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Thread: How do I cut sashing strips - vertical or horizontal

  1. #1
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    I still consider myself a beginner with only 3 finished quilts under my belt, and my current quilt project has sashing around all of the 8 1/2 inch blocks. I wish I could give you a link to the pattern, but it is a regional Shop Hop quilt, and I am modifying the pattern so that it will not have cornerstones.

    The pattern has 25 - 8 1/2 inch blocks laid out 5 blocks by 5 blocks. In between the blocks are 2 1/2" sashing both horizontally and vertically. . . so would I take the 2 yards of fabric I purchased for the sashing, and cut across the WOF first for the 7 horizontal strips, and then use the rest of the fabric to cut the vertical strips that will go between the blocks with the remainder?

    It is all very confusing! Any suggestions or do's or don't's would be greatly appreciated!

    Thanks!

  2. #2
    Super Member katier825's Avatar
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    Whenever I have enough fabric, I cut my strips lengthwise. The fabric is less stretchy and works better for me. If your fabric has a directional pattern, you might want to cut both horizontal and vertical.

  3. #3
    Power Poster amma's Avatar
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    You can cut the sashing vertically or horizontally from your fabric. I normally cut them all horizontally (selvedge to selvedge) it is easier to handle the fabric.

    The tip about directional fabric is a good one too :D:D:D

  4. #4
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    Are you asking because the fabric you're using has a directional print on it? Or because of the grain?

    If it's a plain fabric, I just cut strips from WOF (width of fabric) and then cut them to size as needed in that particular quilt.

    If it's because you've got some directional print, then, yeah, you might - might want to fussy cut the strips. It really depends on the visual effect you're trying/want to create.

    Do you have a picture of the sashing fabric?

  5. #5
    Super Member Glassquilt's Avatar
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    If you cut it lengthwise the fabric will not stretch much.
    If you cut it crosswise the fabric will have some stretch.

    Suppose you've made a lot of blocks from scraps and the edges all behave differently. lengthwise sashing may give the quilt more stability.

    Suppose the same style blocks are just a bit different, crosswise may give you just the fudge factor you need.

  6. #6
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    Thanks everybody for the great answers already! This quilting board is the best place!

    There is no longer a picture of the 2009 shop hop quilt anywhere on line, but here is a link to picture of the fabrics: http://www.yelp.com/events/seattle-w...-shop-hop-2009

    The sashing fabric is the periwinkle tonal, and while there are randomly placed ring patterns on the fabric, it does not appear to be directional.

    The pattern originally called to cut the fabric into 112 rectangles that are 2" by 8 1/2", however, the original pattern called for 49 blocks (7 rows of 7) and cornerstones. I am making my quilt smaller with only 25 blocks, and I am not doing cornerstones; and since I am doing only 25 blocks instead of 49, I am increasing the sashing to be 2" wide, so I will be cutting the strips 2 1/2" wide. I just didn't want a lot of seams in the horizontal sashings.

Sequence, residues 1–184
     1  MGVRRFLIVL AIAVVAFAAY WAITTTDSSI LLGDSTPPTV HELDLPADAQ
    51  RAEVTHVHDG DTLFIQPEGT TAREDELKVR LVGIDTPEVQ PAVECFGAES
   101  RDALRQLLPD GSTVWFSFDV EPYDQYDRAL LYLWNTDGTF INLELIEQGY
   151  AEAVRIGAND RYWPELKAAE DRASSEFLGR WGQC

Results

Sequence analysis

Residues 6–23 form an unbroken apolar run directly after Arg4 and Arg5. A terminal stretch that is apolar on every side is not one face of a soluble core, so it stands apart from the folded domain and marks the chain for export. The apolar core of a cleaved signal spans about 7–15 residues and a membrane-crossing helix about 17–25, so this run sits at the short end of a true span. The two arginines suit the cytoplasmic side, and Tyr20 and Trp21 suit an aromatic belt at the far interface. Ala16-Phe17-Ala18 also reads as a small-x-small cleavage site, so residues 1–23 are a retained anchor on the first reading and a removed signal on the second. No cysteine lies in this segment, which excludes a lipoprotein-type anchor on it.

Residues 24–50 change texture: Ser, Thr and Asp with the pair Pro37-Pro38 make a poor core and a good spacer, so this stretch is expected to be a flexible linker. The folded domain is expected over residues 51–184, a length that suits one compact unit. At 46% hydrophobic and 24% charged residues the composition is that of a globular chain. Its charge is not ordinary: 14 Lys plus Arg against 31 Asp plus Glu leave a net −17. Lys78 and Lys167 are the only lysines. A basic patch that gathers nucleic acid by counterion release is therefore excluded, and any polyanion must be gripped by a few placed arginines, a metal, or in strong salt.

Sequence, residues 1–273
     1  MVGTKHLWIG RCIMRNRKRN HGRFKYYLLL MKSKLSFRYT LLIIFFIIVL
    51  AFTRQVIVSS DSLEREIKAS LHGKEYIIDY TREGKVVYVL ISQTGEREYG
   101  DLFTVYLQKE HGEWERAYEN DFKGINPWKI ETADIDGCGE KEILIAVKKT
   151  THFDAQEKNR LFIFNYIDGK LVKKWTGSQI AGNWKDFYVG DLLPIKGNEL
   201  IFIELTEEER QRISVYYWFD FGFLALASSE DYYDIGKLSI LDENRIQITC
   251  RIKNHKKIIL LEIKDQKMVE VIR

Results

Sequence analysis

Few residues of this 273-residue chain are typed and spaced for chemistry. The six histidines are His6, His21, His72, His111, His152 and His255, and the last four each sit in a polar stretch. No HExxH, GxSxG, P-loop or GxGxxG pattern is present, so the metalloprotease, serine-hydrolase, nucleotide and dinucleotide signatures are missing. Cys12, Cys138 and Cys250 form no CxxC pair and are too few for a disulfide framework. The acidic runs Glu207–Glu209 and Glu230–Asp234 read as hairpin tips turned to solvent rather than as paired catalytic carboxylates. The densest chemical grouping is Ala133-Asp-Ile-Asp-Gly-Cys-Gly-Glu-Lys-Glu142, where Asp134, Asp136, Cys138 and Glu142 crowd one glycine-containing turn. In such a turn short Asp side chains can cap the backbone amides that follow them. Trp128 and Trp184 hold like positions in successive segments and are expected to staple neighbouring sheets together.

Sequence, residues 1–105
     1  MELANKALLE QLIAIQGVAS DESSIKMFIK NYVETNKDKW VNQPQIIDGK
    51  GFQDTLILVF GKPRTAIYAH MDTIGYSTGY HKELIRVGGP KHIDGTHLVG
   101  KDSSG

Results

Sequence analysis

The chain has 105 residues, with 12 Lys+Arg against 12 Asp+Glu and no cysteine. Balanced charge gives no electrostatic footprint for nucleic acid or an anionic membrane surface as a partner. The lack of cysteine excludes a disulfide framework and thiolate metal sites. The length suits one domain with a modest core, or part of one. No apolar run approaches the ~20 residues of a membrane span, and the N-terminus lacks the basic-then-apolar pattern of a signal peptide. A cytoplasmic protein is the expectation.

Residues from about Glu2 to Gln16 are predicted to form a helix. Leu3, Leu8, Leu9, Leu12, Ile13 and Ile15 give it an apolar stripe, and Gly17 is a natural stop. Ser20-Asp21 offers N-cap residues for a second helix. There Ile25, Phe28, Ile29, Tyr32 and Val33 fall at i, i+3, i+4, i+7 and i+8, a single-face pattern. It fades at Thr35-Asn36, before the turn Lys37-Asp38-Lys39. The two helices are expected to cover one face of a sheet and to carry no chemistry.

7. #7
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    Quote Originally Posted by Glassquilt
    If you cut it lengthwise the fabric will not stretch much.
    If you cut it crosswise the fabric will have some stretch.

    Suppose you've made a lot of blocks from scraps and the edges all behave differently. lengthwise sashing may give the quilt more stability.

    Suppose the same style blocks are just a bit different, crosswise may give you just the fudge factor you need.

    I prefer to cut plain fabric on the lengthwise grain (or whichever way stretches less) most of the time.

    The crosswise grain (or the one that stretches more) is more forgiving - and one can ease in a slightly oversize block more easily.

  8. #8
    Senior Member kathyd's Avatar
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    Since quilt police are just a myth...I cut my sashing and border strips in which ever way will give me the length without seams, if I have enough fabric. If it is a busy enough print than it probably won't be noticed if there is a seam.
    I can never remember which way (other than bias) is stretchy anyway! My excuse to daughters has always been "If it isn't life threatening, I don't have to remember it." It's worked for me for 30 years now (that's the age of the oldest)!
    kathyd

  9. #9
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    One strip wof will not go all the way across your 5 blocks and sashing between each block. Your quilt width will be at least 52 inches if I am understanding your layout correctly. Each strip will need to be pieced together to get the width you need.

  10. #10
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    Oops, double post. sorry!

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